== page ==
Fun-filled activities at St Andrew High
Nadisha Hunter, Staff Reporter
GRADE EIGHT students at St Andrew High School yesterday gave up their regular classes to participate in an hour of meaningful and fun-filled activities as part of the national Peace Day celebrations.
Resounding cheers in response to the performances by students of St Andrew High and Preparatory schools echoed in the crowded auditorium of the all-girls high school.
Tashna-Kaye Howell, 13, lauded the institution for emphasising the need for students to live in unity with their schoolmates through a host of peace-centred activities.
"The activities were good, and I want to thank the school for doing this as it is a reminder of how we should behave with each other in our school," she said.
Fourteen-year-old Kaysha-Lee Knight pledged to improve on her areas of weaknesses after she attentively listened to the message that was given by her schoolmates about keeping the peace.
"It will help me in a major way, because I will now look and see where I can improve so that I can be a better person. It also teaches me how to resolve problems in a peaceful way," she said.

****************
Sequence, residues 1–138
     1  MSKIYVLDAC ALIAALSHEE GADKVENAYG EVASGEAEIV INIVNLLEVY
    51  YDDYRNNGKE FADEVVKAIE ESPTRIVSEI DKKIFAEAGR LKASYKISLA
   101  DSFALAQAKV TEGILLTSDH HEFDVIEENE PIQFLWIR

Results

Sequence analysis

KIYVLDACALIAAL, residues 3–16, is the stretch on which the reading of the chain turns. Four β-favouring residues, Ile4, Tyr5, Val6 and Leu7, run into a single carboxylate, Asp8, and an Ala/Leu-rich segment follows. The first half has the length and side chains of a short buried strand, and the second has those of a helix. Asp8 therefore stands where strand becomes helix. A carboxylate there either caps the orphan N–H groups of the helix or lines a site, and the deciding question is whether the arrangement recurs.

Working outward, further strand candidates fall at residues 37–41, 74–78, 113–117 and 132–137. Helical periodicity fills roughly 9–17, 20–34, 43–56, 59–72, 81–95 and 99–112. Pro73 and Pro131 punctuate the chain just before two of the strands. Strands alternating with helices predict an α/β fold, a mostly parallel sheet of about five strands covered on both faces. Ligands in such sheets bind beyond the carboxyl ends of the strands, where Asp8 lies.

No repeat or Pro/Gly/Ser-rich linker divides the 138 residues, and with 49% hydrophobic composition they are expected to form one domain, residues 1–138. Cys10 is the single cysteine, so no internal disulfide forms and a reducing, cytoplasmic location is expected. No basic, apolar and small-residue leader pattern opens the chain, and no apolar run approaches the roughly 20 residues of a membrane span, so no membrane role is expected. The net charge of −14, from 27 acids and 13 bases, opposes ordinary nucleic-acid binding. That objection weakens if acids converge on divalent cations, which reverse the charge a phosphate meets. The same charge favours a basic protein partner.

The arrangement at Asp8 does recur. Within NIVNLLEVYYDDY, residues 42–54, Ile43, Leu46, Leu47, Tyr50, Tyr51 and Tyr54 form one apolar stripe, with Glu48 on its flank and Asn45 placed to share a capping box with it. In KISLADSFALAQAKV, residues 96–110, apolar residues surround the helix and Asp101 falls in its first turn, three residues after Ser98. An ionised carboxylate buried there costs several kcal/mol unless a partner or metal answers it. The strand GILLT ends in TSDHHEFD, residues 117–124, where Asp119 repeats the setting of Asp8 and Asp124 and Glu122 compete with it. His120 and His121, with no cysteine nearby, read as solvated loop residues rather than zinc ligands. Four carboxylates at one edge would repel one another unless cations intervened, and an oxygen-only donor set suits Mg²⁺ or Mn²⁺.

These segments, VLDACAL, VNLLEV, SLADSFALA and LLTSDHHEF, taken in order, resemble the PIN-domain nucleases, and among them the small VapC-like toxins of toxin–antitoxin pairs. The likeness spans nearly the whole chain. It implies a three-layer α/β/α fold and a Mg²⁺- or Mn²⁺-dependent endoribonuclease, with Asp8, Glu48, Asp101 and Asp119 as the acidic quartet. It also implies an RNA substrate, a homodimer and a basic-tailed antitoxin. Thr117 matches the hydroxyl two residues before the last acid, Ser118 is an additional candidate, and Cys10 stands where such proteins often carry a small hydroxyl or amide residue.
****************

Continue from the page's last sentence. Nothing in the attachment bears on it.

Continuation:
Show peace all year
Kadeisha Cooper of St Andrew Preparatory, who performed with her school's choir, said Jamaicans should be peaceful throughout the year.
"The celebration of Peace Day is a chance for individuals to see that it is time for them to end the violence, and to make peace more abundant. It is not only about today, but we should continue forever," the grade six student said.
"I want peace to go on, and it can happen. The gunmen can start by putting down their weapons and live peacefully together with each other," she added.
Kadeisha advised students to practise peace in their schools and communities.
"If we start at schools, we can help other persons in our communities by telling them to unite with each other, which would make our country a better place," she added, before pointing out that she continues to be a peacemaker at her school.
Principal of the institution, Sharon Reid, said focus was placed on grade eight students as they were more likely to fall out of line at that level.